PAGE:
Upon landing at the Shermetyevo airport in Moscow I went straight to the Reuters office which was then on the Sadovaya Samotechnaya Ulitsa part of the Sadovoye Koltso in the center of Moscow. We exchanged quick greetings and I was on my way to the White House, a building which then housed the country’s parliament, where everything was happening. The Reuters picture crew already working on site included Sean Ramsey, Michael Samojeden, Genady Galperyn, Grigory Dukor, and Viktor Korotayev.

from FaithWorld:

Russian Orthodox take icy plunges to celebrate Epiphany

Russian Orthodox believers washed away their sins by taking a plunge into icy waters on the feast of the Epiphany, which fell on Monday according to the Orthodox calendar.  The traditional triple dip commemorates the baptism of Jesus Christ in the River Jordan.  Here are several Reuters photographs and a Reuters video of Russians braving the winter cold to perform the ritual.

dip 1

A man prepares to dip in icy waters during an Orthodox Epiphany celebration, with the air temperature at about -26 degrees Celsius ( -14.8 degrees Fahrenheit) in Pereslavl-Zalessky, some 140 km (87 miles) northeast of Moscow January 19, 2010/Sergei Karpukhin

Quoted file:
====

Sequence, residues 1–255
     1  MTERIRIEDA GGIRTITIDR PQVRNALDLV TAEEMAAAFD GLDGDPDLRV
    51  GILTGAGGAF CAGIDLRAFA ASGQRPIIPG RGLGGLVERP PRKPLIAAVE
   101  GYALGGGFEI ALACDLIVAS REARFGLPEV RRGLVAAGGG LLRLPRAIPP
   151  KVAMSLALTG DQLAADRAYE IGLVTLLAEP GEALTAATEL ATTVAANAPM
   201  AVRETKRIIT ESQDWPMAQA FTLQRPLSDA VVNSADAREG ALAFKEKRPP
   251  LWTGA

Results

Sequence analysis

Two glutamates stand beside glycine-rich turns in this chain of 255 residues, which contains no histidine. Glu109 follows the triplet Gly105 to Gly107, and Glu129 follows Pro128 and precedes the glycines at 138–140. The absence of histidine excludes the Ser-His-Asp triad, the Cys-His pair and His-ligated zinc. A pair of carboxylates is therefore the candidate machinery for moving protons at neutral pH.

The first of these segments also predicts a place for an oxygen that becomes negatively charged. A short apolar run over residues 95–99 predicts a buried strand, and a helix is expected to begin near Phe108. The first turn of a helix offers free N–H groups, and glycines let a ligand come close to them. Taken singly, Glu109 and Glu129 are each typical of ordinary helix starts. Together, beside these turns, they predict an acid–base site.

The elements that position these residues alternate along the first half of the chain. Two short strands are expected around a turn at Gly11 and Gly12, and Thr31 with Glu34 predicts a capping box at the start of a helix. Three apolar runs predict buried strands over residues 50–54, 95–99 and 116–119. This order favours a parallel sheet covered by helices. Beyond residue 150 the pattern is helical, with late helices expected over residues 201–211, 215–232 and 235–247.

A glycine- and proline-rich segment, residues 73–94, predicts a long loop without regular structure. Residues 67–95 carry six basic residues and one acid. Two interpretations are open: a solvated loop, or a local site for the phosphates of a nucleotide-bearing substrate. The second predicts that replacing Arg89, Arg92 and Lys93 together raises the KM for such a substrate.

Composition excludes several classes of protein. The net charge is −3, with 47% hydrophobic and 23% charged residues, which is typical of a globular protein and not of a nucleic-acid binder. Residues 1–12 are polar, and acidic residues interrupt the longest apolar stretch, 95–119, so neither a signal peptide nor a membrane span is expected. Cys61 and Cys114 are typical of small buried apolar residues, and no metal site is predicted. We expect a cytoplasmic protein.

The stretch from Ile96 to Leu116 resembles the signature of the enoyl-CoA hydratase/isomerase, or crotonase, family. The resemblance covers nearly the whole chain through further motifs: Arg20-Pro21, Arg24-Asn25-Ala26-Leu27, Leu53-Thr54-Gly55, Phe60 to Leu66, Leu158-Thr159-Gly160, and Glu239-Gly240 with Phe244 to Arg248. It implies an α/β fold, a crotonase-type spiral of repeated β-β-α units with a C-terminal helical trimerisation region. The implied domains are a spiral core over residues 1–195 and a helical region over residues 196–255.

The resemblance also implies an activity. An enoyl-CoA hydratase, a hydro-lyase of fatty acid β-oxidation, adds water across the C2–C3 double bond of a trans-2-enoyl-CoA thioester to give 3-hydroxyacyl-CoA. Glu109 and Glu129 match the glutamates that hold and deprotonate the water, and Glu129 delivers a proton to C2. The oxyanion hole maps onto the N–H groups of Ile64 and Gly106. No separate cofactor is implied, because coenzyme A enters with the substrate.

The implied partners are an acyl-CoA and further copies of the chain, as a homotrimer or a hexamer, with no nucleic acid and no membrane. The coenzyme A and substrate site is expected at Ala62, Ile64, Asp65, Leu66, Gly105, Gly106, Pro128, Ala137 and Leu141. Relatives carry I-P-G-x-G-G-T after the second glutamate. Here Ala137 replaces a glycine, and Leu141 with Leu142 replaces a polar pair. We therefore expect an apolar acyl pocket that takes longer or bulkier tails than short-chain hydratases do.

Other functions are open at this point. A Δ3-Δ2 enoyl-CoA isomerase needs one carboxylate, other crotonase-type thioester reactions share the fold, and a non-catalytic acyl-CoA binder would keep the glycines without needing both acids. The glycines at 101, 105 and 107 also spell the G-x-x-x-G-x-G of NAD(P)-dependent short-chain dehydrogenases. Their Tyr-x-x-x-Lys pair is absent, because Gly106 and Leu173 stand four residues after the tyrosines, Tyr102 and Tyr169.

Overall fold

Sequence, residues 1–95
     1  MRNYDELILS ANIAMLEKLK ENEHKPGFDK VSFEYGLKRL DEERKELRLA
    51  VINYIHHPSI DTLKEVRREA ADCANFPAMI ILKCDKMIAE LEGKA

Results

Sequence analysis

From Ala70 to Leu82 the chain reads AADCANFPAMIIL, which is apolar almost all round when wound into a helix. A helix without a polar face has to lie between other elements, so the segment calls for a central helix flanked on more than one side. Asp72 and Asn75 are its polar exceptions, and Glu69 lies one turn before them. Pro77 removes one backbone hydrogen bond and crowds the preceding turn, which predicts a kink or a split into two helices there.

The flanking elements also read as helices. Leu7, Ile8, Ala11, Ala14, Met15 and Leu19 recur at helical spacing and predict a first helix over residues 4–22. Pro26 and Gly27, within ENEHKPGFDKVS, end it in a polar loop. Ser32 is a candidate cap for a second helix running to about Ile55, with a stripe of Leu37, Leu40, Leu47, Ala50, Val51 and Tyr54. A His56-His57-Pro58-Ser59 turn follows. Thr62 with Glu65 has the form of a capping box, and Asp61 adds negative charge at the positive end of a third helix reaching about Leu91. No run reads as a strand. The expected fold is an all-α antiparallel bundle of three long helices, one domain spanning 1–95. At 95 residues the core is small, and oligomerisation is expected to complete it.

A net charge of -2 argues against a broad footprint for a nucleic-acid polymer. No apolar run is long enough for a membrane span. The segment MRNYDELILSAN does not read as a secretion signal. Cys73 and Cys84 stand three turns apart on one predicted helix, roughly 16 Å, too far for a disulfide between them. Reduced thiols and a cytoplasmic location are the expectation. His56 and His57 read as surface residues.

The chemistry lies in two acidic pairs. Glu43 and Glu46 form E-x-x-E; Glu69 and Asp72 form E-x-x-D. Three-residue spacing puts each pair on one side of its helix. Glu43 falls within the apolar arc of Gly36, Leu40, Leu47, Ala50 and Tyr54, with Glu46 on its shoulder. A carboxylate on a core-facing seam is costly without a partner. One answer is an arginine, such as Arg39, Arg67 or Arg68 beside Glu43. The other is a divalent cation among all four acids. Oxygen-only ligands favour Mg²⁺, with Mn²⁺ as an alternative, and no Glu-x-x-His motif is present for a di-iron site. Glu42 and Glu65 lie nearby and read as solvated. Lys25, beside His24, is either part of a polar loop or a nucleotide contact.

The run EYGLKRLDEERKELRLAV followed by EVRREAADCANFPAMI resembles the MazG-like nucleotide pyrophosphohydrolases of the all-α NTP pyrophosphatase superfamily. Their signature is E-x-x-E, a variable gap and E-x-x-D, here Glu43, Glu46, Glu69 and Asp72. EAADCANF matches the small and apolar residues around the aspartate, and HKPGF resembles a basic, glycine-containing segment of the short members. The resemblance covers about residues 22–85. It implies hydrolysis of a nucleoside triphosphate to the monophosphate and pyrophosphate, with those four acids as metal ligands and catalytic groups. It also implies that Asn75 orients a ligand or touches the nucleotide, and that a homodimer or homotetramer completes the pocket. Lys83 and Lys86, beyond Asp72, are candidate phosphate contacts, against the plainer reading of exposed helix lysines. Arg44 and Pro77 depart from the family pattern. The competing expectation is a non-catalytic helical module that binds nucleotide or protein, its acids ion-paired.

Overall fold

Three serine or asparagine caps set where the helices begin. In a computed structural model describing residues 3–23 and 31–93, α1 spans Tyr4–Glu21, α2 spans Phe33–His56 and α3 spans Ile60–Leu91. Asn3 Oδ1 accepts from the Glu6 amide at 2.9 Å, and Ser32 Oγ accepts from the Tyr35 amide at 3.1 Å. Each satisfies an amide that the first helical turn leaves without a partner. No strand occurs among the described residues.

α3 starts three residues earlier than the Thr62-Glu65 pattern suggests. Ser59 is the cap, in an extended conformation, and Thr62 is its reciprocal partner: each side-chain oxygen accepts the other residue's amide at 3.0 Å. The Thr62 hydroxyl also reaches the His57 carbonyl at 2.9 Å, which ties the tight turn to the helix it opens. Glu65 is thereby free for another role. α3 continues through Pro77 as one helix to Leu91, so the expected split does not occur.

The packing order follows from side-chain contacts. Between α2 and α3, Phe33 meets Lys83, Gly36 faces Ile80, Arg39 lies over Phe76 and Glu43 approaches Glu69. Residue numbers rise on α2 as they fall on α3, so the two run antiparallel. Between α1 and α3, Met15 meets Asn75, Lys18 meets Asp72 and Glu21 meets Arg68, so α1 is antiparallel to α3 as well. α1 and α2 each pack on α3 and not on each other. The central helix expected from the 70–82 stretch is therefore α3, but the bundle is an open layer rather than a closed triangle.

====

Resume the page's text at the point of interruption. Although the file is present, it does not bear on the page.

dip 2

A man gets out of the water during an Orthodox Epiphany celebration, with air temperature at about -24 degrees Celsius (-11.2 degrees Fahrenheit) in Suzdal, some 200 km (124 miles) northeast of Moscow January 19, 2010/Denis Sinyakov

dip 3

A man helps a woman out of the Bazaikha river during Orthodox Epiphany celebrations, with air temperature at about -28 degrees Celsius (-18.4 degrees Fahrenheit), in the suburbs of the Siberian city of Krasnoyarsk January 19, 2010/Ilya Naymushin

Heads you win

These two headshots by Kai Pfaffenbach and Eddie Keogh from last night’s Champions’ League soccer final in Moscow between Manchester United and Chelsea show the joy of victory and anguish of defeat;

 Heads

a defeat all the more bitter for John Terry the Chelsea Captain, right, who during the penalty shoot-out, slipped on the sodden pitch and miskicked the chance to seal victory for his team.  

 ferguson

For the victors, Manchester United, the rain became nothing more than a refreshing shower and Pfaffenbach shows team manager Sir Alex Ferguson’s exuberance completely undampened by the deluge.